TechDirt and the value of the velvet rope approach to media
#SuryaRay #Surya We’ve argued before that many media companies seem to be taking the easy way out by implementing paywalls — hoping to duplicate the _New York Times_‘ experience — instead of trying a more membership-based “velvet rope” type of model. Among the few who are experimenting with this approach is TechDirt, the technology commentary and analysis site, which just launched some interesting features for members who choose to pay. While they may not be applicable to every traditional media player’s business, they are still worth paying attention to.
The site, which is run by founder Mike Masnick through a company called Floor 64 (Full disclosure: I consider Masnick a friend) has had an online store for some time now where readers and fans could come and buy coffee mugs and hoodies and the usual type of swag many publishers offer, as well as e-books based on the site’s coverage. But the store has now been updated with some new features, including the ability to buy lunch with Masnick (for $200) and to do a Google Hangout with him.
There’s also a couple of humorous offerings aimed at critics of the site — including one that allows the buyer to shut the site down completely for 24 hours, for only $1 million (shutting it for a year will cost you $100 million).
TechDirt has also expanded an interesting offering called Crystal Ball: originally launched in 2009, it gives readers who sign up for a specific level of membership access to blog posts before they are published. The new version expands the amount of time they have to read — and even comment on — these posts, to two hours instead of one. And readers who pay can now see posts that are in draft mode, before they even reach the stage where they are ready to be published. Do many readers sign up for this feature? Masnick says there have been about a thousand since it was first offered, which isn’t huge but is still noteworthy.
I criticized a similar idea that Felix Salmon of Reuters came up with earlier this year, which was that the _New York Times_ should charge hedge funds for early access to market-moving news stories — but the crucial difference is that TechDirt provides almost exclusively commentary and analysis, not breaking news. So why couldn’t the NYT take a page from TechDirt’s playbook and offer expanded access to things from writers like Nick Kristof or Paul Krugman? I think there could be a pretty big market for membership-level access to that kind of thing, and the NYT has already moved in that direction by offering enhanced commenting features to members.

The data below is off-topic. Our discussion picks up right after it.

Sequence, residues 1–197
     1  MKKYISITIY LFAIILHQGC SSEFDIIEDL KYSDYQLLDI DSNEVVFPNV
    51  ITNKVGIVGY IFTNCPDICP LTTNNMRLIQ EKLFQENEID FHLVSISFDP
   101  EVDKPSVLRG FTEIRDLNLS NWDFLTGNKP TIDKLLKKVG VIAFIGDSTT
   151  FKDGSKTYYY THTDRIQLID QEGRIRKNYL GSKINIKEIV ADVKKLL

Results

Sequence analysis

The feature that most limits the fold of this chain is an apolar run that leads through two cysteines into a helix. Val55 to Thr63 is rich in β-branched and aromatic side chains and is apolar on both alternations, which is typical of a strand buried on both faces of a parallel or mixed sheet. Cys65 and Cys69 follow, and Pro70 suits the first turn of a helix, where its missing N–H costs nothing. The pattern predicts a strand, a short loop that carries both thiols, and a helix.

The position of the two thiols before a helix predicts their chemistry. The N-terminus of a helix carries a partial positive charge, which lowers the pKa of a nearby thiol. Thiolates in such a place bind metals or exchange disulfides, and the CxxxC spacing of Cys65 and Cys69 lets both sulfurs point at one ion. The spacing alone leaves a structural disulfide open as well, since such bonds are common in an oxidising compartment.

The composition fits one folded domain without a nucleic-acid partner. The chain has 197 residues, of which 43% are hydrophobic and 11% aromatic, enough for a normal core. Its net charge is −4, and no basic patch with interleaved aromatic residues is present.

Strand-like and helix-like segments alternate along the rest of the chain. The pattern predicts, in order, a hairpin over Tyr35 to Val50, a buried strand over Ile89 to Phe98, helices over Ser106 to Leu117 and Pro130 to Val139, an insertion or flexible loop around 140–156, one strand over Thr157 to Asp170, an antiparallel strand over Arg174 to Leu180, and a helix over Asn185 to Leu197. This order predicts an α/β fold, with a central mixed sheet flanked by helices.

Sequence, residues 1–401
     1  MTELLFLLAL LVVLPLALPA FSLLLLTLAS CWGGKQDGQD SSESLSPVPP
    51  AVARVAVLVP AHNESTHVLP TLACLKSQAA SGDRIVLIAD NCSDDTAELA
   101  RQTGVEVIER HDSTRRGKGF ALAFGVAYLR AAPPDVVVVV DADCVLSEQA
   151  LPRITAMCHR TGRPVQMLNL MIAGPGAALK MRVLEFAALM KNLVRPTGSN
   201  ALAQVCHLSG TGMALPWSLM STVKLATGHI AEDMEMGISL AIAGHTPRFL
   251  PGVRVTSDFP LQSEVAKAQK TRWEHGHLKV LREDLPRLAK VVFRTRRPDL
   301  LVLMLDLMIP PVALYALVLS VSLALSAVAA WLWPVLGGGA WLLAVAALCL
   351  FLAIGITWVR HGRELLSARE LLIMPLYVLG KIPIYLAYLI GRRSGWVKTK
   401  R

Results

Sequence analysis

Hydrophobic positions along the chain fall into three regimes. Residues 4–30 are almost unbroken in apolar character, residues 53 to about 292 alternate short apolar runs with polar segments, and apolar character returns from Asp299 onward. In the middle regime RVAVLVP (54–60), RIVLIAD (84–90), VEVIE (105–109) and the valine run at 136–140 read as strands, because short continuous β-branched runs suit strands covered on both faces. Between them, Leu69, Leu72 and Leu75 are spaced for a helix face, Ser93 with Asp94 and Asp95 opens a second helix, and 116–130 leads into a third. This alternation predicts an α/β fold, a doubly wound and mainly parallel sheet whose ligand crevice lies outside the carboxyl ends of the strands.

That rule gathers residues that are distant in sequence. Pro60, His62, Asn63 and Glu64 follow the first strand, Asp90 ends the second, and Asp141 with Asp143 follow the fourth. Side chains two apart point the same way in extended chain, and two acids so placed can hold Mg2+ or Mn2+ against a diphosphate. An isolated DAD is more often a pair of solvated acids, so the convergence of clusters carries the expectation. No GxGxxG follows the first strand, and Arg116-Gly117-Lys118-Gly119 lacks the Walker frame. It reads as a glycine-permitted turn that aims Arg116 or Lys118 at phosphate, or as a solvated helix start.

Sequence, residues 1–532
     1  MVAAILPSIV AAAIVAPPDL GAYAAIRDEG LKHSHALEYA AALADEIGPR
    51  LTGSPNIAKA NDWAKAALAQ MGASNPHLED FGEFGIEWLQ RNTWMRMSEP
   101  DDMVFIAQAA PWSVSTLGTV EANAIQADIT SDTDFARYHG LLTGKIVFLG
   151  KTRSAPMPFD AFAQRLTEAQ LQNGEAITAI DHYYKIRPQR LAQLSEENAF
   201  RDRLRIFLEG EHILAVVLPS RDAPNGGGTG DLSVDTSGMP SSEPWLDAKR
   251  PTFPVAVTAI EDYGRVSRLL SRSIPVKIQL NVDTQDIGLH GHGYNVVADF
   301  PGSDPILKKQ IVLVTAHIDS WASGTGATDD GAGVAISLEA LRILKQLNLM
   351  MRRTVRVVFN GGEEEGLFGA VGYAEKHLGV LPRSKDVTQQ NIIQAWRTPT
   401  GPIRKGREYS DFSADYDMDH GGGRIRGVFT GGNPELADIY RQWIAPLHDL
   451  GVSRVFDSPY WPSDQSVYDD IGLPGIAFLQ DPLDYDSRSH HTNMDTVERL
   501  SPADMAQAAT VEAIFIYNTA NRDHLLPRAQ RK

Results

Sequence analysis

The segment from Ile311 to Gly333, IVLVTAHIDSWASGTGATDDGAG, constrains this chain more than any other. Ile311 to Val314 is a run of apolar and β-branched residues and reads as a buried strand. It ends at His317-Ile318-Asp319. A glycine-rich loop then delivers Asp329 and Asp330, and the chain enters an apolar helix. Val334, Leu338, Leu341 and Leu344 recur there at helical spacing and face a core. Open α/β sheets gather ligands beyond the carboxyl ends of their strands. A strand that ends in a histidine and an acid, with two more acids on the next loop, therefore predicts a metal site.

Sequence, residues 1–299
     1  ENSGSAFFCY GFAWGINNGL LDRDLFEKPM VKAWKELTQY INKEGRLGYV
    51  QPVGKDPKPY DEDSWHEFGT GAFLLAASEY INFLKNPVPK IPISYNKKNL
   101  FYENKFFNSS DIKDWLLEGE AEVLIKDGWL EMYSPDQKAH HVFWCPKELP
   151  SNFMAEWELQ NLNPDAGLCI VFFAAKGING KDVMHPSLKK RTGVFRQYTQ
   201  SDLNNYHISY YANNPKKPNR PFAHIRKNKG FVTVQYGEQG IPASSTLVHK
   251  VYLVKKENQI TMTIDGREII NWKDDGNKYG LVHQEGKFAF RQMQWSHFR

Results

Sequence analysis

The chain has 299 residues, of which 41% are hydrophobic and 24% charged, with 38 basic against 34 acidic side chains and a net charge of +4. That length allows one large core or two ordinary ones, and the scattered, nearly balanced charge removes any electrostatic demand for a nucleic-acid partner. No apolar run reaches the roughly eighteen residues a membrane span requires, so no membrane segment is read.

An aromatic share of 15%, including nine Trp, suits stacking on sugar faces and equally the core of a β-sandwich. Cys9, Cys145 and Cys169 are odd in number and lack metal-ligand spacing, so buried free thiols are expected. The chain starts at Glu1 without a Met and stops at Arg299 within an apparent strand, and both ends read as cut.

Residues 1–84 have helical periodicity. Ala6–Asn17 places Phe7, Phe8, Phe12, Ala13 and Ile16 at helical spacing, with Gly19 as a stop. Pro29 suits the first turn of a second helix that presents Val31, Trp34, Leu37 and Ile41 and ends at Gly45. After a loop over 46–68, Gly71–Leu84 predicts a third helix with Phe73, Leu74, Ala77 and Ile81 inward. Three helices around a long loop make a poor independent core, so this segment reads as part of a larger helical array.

Members get credits for voting on comments
TechDirt also launched a new commenting feature for paying members: called “First Word/Last Word,” it allows members to acquire credits with which they can vote up comments that they think are worthwhile and vote down those they don’t. Reinventing comments is something plenty of publishers are trying to do, including Gawker publisher Nick Denton — who tried a membership-based voting model and then more recently abandoned it for something he hopes will turn the site upside down and make comments the most important part of the content, as opposed to the posts from writers and editors.
As Masnick notes in a blog post announcing the new offerings, the site is trying to follow the advice that it often gives to musicians and other artists (copyright and the death of traditional content business models being one of the site’s favorite topics). That advice is to connect with fans, and then give them a reason to buy — so instead of relying on CD sales or record deals, Masnick advises artists to take an approach like independent musician Amanda Palmer did recently, in which she Kickstarter-funded a new album and tour with a campaign that raised over $1 million in a matter of days.
In a lot of ways, what Masnick is offering readers is a similar kind of model, but without the help of Kickstarter. It’s the complete opposite of the approach most traditional media companies take, which is to charge their readers a blanket fee for their content, regardless of what that reader might be interested in. Some publications take a membership-style approach, including magazines like the _Economist_, and _The Guardian_ — which is adamantly opposed to paywalls — has been experimenting with offering certain features for pay, such as a new “freemium” approach to photos as my paidContent colleague Robert Andrews described in a recent post.
The new CEO of the _New York Times_ may not want to offer Google Hangouts to readers any time soon, but I think there is a lot of value in treating your readers like members of a fan club rather than just a homogenized sea of faceless readers whose only option is to pay a monthly fee. Offerings like TechDirt’s may not generate billions in revenue, but they help to cement the bond between a content producer and his or her fan base — and that can be a very valuable thing indeed.